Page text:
When asked why she thought this novel in particular has stood the test of time, Gasior responded, “It’s natural to wonder why other novels written centuries ago have been forgotten about,” she asked. “For me, Don Quixote’s success stems from the multi-dimensionality of Cervantes’ characters and their complex psychological profiles (most literary knights of chivalry were one-dimensional); the literary devices Cervantes employed (consider, for example, the inclusion of multiple narrators); and the way Cervantes plays with the notions of history versus fiction (only Cervantes would have his Don Quixote and Sancho Panza meet other characters in Part II who recognized them on the street after claiming to have read part I. These defining features are also what qualify it as the first modern novel. People, particularly students, often ask ‘In what way is a 400-year-old novel `modern?’ If you look at all the literary innovations implemented by Cervantes’ own hand, the result is absolutely astonishing. Couple that with the universal theme of pursuing the impossible dream (who can’t relate to that?) and, well, I predict this novel will remain relevant for as long as we continue to read and appreciate literature. These are just some of the reasons why Don Quixote is such a tour-de-force.”

Symposium Celebrates 400 Years Of Quixote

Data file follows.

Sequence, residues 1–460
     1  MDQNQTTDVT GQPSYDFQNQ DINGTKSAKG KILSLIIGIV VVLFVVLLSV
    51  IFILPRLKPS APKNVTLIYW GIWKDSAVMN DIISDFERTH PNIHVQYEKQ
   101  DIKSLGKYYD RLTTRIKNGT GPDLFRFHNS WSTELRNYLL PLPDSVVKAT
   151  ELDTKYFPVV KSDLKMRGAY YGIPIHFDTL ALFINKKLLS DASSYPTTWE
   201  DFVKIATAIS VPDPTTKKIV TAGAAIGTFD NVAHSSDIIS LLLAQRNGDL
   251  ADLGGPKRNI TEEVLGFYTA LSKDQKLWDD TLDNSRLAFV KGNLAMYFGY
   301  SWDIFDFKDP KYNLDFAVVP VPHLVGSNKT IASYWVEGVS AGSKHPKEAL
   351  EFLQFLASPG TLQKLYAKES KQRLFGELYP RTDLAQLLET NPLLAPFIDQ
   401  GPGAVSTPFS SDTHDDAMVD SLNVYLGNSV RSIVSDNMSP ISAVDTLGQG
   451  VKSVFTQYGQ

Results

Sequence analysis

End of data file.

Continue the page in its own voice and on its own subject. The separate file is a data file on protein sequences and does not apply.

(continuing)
A synopsis of the novel reads as a middle-aged Spaniard whose obsession with books of chivalry causes him to lose touch with reality and set off in search of adventures, imitating those knights he reads about alongside his humble neighbor and squire, Sancho Panza. Together, the two interact with a wide swath of society, including shepherds, aristocrats, criminals, priests, damsels in distress, prostitutes and actors. They also read about, listen to and weigh in on mini-novels recounted within the novel. Through their travels, the reader gets a sense of Cervantes’ creative, literary genius and, at the same time, early modern Spain’s cultural, historic and religious profile.

Don Quixote offers a little something for everyone and is much more than mere windmills. It is at once tragic, philosophical, critical, and, of course, funny,” added Gasior. “It never fails that, during a semester when I teach the novel, the students are already all laughing as I enter the classroom. It is such a pleasure to teach a text that has that kind of effect on readers.”

Although there have been multiple attempts to turn the novel into a musical or a movie, Gasior believes neither Hollywood nor Broadway will never come close to visually reproducing the novel.

“‘Man of La Mancha’, for example, is no substitute for the novel,” she expressed. “While I am thrilled that filmmakers and directors take on that challenge of adaptation, as it serves as a reminder of and promotes the Quixote literary tradition, at the end of the day, people should read the novel first.”

Gasior encourages the campus community to (re)discover Cervantes in light of the novel’s 400th anniversary.

Don Quixote celebrations are taking place worldwide, from Mexico to Montreal to Madrid,” she said. “By attending this event, people become part of history in the making. The event is free and open to the campus and Long Beach community.”

–Richard Manly